Our Trauma & PTSD Specialties

Our approach to trauma relates to the present-moment nervous system state that pertains behaviorally, emotionally, energetically and psychically to a perceived or actual past-moment injury. In this way we are quickly able to discern physiology or psychology as the primary sources of challenge.
Trauma is akin to a dream constantly recycled by the nervous system as it seeks to change the narrative content and thus reach the ending or completion of the dream. At such time, the dream ends and the individual wakes up. As adults we are generally conditioned to resist and block this completion.
Our method is an organic, procedural synthesis to nervous system regulation via the catalyst of spaciousness and presence. We help your nervous system enter a state of coherence during which it can re-negotiate or "flush out" the incomplete parts of the dream and thus release any bound sensations, images, memories, behaviors and feelings.
Our approach is transpersonal and very much centered in the nonduality traditions of the world, including Qigong, Advaita and Gestalt. Dr. Peter Levine's Somatic Experiencing ™ method provides the basic foundation four our therapeutic approach.
At times the therapeutic session may take on diverse forms such as gentle touch, play with toys/objects, drawing, collage or painting, play acting, gentle exercise and other creative manifestations arising out of your needs in the moment.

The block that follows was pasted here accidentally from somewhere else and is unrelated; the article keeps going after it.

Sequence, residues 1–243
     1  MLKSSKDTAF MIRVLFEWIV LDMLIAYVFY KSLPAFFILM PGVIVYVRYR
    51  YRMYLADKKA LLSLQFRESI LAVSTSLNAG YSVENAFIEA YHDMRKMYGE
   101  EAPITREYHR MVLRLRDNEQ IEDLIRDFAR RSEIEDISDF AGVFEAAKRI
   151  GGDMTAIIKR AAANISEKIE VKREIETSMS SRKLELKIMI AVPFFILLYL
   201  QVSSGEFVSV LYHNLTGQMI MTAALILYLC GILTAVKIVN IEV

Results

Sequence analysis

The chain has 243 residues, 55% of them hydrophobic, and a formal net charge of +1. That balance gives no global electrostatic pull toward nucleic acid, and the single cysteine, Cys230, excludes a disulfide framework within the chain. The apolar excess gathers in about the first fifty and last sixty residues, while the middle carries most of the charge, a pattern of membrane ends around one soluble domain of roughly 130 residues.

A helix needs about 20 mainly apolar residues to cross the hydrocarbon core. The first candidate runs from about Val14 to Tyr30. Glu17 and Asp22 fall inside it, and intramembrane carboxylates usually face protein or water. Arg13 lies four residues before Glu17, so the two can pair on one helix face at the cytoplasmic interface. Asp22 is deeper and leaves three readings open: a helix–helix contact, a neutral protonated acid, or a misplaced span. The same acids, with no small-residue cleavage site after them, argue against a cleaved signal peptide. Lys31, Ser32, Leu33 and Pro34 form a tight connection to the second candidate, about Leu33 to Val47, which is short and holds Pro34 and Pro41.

trauma (n.)

1690s, "physical wound," medical Latin, from Greek trauma "a wound, a hurt; a defeat," from PIE *trau-, extended form of root *tere- (1) "to rub, turn," with derivatives referring to twisting, piercing, etc. (see throw (v.)). Sense of "psychic wound, unpleasant experience which causes abnormal stress" is from 1894.

healing (n.)

"restoration to health," Old English hæling, verbal noun from heal (v.). Figurative sense of "restoration of wholeness" is from early 13c.; meaning "touch that cures" is from 1670s.

expert (n.)

early 15c., "person wise through experience," from expert (adj.). The word reappeared 1825 in the legal sense, "person who, by virtue of special acquired knowledge or experience on a subject, presumably not within the knowledge of men generally, may testify in a court of justice to matters of opinion thereon, as distinguished from ordinary witnesses, who can in general testify only to facts"

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